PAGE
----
DW Slater Company: Home improvements can add equity to your home, however, we recommend checking with a local market expert to find out which improvements are showing the best return on investment in your area.  Not all markets are the same. Kitchen remodels may add greater value in some markets where outdoor living spaces will add more value in another market. Check with a local real estate appraiser. 

Jamie Owen, Aspen Appraisal Services: If you have a walk-up attic with a high enough ceiling height, a fairly simple way to add equity is by finishing and heating that area. It’s a fairly simple way of adding gross living area and it’s much less expensive than most traditional additions. If a person wants to do so, I recommend checking with their municipality to make sure that it is legal to do so and that the area can be considered gross living area when completed. But this is a relatively easy way to add equity.

Brian KirkpatrickDFW Appraisals: Equity is in residential real estate is typically built by identifying items that the current market reflects.  In the day and age of real estate television shows, Pinterest, and social media, one can visibly see what trends are current with fashion and styling.  Updating components of your home to reflect popular culture is the best way to build equity in your property. Components such as roof, HVAC system, and water heater are considered short-lived items; meaning, their economic life span is shorter than that of the real estate. Always remember that cost is what you pay but value is what you get.

Just Appraisals: Design trends come and go, but a great way to add long-lasting value is by adding an accessory dwelling unit. The extra living space and potential income will continue to add value for as long as you own the property. 

Ryan Lundquist, Sacramento Appraisal Blog: This might sound strange, but one of the best ways to build equity is to do absolutely nothing. During an increasing market, a homeowner has an incredible opportunity to sit back and build wealth by simply riding the wave of growth. In fact, many owners have done this over the past eight years and they have hundreds of thousands of dollars in equity without having lifted a finger. Yes, kitchen remodels and other improvements can surely make a big difference for a home’s value, but what the market is doing can actually mean way more.

Master Appraisal Services: If you want to build equity in your home to increase the value, the pat answer is almost always updating kitchens and bathrooms or add square footage. Just updating is not necessarily maximizing the potential. It is also important to make sure that the updates are current to today’s demands and expectations of the market. One way to see what is most current is to go tour the model homes in new developments for ideas.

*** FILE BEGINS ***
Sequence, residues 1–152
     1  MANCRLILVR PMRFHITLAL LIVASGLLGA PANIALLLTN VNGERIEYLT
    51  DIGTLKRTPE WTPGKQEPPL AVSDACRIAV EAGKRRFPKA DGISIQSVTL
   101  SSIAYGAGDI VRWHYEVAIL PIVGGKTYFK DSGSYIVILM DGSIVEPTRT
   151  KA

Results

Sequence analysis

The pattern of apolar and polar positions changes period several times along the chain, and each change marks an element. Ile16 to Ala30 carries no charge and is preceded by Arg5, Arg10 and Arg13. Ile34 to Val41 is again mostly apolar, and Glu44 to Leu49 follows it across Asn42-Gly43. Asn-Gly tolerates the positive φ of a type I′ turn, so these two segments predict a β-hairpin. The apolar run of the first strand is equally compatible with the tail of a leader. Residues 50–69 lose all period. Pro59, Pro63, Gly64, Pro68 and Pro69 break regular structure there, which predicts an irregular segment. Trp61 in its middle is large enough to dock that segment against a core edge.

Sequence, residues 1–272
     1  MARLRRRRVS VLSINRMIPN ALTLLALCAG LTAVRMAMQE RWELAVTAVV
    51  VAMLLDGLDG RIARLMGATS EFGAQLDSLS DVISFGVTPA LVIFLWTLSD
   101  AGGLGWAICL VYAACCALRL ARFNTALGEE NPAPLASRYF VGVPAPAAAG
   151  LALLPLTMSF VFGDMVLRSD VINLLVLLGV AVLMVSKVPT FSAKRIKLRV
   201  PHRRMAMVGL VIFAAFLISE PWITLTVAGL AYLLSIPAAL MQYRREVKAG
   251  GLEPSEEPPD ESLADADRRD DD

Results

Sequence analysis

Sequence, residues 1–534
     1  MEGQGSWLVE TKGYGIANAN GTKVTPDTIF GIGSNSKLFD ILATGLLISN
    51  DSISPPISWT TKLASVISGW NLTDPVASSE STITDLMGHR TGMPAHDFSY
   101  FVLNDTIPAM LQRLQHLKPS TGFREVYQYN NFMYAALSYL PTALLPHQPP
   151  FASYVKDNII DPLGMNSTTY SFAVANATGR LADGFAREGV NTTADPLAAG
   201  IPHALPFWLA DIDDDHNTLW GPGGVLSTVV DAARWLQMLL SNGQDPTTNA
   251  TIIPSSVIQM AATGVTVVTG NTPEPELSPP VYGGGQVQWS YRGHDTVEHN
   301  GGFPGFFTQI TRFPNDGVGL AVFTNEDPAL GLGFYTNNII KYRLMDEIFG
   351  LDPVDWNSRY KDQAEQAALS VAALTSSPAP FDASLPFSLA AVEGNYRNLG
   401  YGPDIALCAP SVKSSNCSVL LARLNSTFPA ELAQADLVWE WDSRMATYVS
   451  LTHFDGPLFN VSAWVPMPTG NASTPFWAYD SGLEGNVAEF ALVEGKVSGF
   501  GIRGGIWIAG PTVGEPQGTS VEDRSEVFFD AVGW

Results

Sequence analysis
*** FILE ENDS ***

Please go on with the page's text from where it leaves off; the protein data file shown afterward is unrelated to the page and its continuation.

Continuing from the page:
Originally Published on Redfin

What is a Barndominium?

red barndominium

Do you watch Fixer Upper? Did you see the episode of the Barndominium? I truly believe the term “barndominium” was influenced by this episode of Fixer Upper. This alternative style of home is becoming more and more popular in the past few years. Basically, a barndominium is a style of home which is typically made of metal construction similar to barns. Sometimes they are attached to barns or workshops similar to the photo above or they could stand alone. These are unique homes and offer a certain lifestyle for those that love living in the country and the country lifestyle. We have seen them as barns that have been converted into living space or built designed as living space. Most of the time they are attached to barns and stall spaces.

Although the exterior of many barndominiums look like barns the interior are typically well designed, insulated and can have average to very high grade custom finishes. Here is the interior of a finished out interior barndominium:

Finished out interior of a barndominium

This style of home has actually been around a while but we have seen a recent increase in the number of barndominiums as well as an increase in prices. I agree with this article in realtor.com that this is a good term used to describe them. We used to call them “metal constructed homes” or “barnstyle homes”. Our local MLS (multi-listing service) added the term “barndominium” as a style of home in 2016 so it is now easier to search for this style of home. Prior to 2016, it was more difficult to track them as they were listed in the MLS as various types of alternative construction. You can see this chart how within the past 2 and 1/2 years in our markets barndominiums are appreciating:

Barndominiums are a Lifestyle Choice

We have seen a rise in the number of barndominiums we have appraised as well as sales in our North Texas markets. We believe that this is a great choice for those that prefer a more country lifestyle. When the living space is attached to your barn stalls, wash rooms, and tack rooms, it is convenient to go and tend to your animals within your space. Once, David, was appraising a barndominium and the new owners had just arrived from out of town. As they were in the kitchen and David was observing the interior, they had forgotten to shut on the doors and this beautiful horse strolled in and joined them all in the kitchen. They calmly led the horse back out the door into his stall but it illustrates the lifestyle of a barndominium. I liken it to those that enjoy the sights, smells, and sounds of the city may prefer living in a high rise, those that prefer the sights, smells and sounds of the country may prefer living in a barndominium.